Last Friday, a 28-year-old Australian man, an “edgelord” or “shitposter” who lived in the extremely fetid online swamps of 4chan and deep reddit, strapped a GoPro camera to his head and gunned down 50 people at two different mosques in Christchurch, New Zealand, only stopping to go back to his car and reload. His GoPro video was streamed live to Facebook and quickly archived to racist and nihilist websites, where pitiless bigots commented with things like: “watched 8 times already.” The shooter left behind a “manifesto” that was chock full of inscrutable “jokes” and meta references — the only apparent sincerity an inflamed fascistic white nationalism.
A troubling number of responses to this tragedy range from outright foaming glee (check the comments sections on Breitbart, the National Review, or the American Conservative) to a wretched equivocation by a hideous Australian politician named Fraser Anning (who was egged in the head by a brave and insouciant little ripper), to the gross hedging by the once-moderate gay cultural critic Bruce Bawer, and Texas’ own Louis Gohmert. “The motivations are understandable…” this line of reasoning goes. There is an ambient feeling, like the ion charge before a thunderstorm, that actualizes itself more acutely now and again. We live in a self-made hell, or at least some iteration of it, where human limitation is sometimes spectacularly illustrated by human response to “advancement.” Steven Pinker and Bill Gates love to point out that the global life expectancy is longer, but the spoils of innovation and advancement are shared by a tiny fraction of a percent of the population who live like god emperors outside of morality or consequence. The internet had the potential to be the greatest democratizing and egalitarian force in history, but instead is often a particularly virulent conduit spreading paranoia, disinformation, and bigotry. The eschatological crisis of climate change can only be solved by an unprecedented global cooperation; instead, it seems, we are receding into hard-bit ethno-nationalism.
It’s important to dream of a better world, but it seems so very far away. And thus (at least for me), art becomes more essential as a solace. There are two primary modes for art to currently feel vital — to either process this fresh hell, or to transcend it — to provide a kind of social contract for witnessing, or a crack in the prison wall for an escape. Some forms of satire — of say, the broad, jokey sort branded by Jeff Koons — seems not just irrelevant but basically impossible. Satire is very difficult when we live in a world where the president stands grinning behind a mountain of fast food, as if an Adbusters cover came to life.
Jibade-Khalil Huffman’s solo show, The Way You Make Me Feel, on view at Ballroom Marfa though the end of this weekend, slides between process and transcendence like a lever on a mixing board. The central piece in the show is the short film grimly and relevantly titled First Person Shooter. Like Ryan Trecartin’s works, Huffman’s First Person Shooter approximates a youtube tutorial aesthetic (briefly) before quickly fluttering into a hyper-associative, symbolic mania. Utilizing a kind of Grand Theft Auto/The Sims animated design style, Huffman creates an unsettling, dissociative rhythm — Coke cans explode, pills flood the screen, cop cars e-brake in to arrest non-white people. In one particularly memorable sequence, the animation becomes a first-person shooter frame; you’re firing a sawed-off shotgun during a steady rain of fedoras. Text flashes: “When people say this cocaine this war is everything they mean that it provides A convenient spectacle as well as the chance for unrelated advancements.” Throughout the film’s live-action parts, people “wake up” from the animated reverie. Are they coming to or slipping back in? It’s a parabola ad infinitum. First Person Shooter captures this bleak fugue state: there are samples from popular songs, Chappelle’s Show, movies like Juice — these drift in and out around the seemingly self-generated animations. This is the future for sure — more chaotic and disorienting than any science fiction could imagine, yet depressingly ancient in its orders and prejudices. Watching First Person Shooter, like Thor Johnson’s Machine-Gun Nose, isn’t exactly enjoyable, but it does unlock something, like a code, or the playing cards used to activate Lawrence Harvey in The Manchurian Candidate.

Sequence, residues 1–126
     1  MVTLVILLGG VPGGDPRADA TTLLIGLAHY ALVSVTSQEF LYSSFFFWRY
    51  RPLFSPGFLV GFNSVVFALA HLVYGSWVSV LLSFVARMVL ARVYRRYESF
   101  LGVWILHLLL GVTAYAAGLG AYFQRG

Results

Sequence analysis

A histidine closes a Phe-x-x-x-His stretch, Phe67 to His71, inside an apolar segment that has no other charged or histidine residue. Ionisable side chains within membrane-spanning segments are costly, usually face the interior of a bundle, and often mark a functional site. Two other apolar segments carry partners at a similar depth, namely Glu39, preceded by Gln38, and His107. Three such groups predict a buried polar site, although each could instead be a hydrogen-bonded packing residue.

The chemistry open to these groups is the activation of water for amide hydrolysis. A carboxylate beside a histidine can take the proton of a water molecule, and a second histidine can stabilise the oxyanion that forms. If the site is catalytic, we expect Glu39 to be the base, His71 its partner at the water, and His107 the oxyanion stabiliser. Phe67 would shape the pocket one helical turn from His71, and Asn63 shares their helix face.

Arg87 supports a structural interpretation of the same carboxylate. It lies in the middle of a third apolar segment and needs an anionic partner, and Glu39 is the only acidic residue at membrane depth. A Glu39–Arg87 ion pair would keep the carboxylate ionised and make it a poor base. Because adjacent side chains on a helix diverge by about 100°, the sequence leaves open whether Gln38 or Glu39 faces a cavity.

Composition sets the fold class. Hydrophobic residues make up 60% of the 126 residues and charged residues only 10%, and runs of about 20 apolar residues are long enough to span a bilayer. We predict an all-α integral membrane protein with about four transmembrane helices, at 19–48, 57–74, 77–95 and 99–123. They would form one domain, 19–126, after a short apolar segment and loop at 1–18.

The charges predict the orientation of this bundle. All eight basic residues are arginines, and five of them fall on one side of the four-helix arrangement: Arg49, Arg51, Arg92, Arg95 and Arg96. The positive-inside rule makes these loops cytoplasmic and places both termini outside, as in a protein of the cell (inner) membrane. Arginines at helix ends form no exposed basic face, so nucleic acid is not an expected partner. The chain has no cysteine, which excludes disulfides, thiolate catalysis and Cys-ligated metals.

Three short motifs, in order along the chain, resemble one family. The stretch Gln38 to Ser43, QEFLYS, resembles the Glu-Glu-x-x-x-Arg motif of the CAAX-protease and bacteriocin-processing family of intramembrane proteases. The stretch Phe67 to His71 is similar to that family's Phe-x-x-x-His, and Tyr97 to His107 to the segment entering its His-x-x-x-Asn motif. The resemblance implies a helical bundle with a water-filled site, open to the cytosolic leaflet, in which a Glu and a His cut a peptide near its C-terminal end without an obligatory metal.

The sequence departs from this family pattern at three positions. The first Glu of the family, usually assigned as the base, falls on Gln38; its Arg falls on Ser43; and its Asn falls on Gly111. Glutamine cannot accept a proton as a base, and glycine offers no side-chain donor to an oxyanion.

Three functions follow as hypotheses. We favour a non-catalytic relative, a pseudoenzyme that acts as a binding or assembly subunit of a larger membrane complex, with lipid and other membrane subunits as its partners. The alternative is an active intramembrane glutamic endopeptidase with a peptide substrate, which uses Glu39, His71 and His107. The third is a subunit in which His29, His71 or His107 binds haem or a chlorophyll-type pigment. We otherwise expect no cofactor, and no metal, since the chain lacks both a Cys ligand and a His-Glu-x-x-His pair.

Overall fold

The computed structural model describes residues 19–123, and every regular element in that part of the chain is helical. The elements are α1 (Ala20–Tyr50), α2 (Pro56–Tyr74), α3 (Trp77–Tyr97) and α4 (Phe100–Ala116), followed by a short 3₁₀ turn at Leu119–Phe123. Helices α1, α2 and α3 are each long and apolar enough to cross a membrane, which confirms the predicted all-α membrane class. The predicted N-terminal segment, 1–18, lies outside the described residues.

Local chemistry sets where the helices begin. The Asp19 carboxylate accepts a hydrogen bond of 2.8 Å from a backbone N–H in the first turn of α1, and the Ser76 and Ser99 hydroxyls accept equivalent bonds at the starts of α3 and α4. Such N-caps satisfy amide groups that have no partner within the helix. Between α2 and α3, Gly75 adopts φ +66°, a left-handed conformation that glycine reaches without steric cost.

Huffman’s installation in Ballroom’s courtyard provides a fantastic counterpoint to the deeply cerebral and dispiriting process of First Person Shooter. A large light box uses sunlight to illuminate a film still of Grace Jones hoisting Roger Moore above her head in the mid ’80s Bond movie A View To A Kill. The image of an absolutely righteous black legend lifting the helpless and most colonial of Bonds, lit by the rays of the sun, is elementally inspiring. Grace Jones is one of those rare people who seem to walk without fear, wide awake in her own dream.
The cultural detritus collected in First Person Shooter creates an all-encompassing morass that’s reflected in other interior kaleidoscopic works by Huffman in this show. Huffman expresses how culture works as a trap, a panopticon that spirals like the Borges idea of the library of Babel — its speakers blaring the propaganda of control. But there are flickers and stills in this jet stream—like the image of Grace Jones —that can become almost a religious icon to fix on, to keep the faith.
Through March 24, 2019 at Ballroom Marfa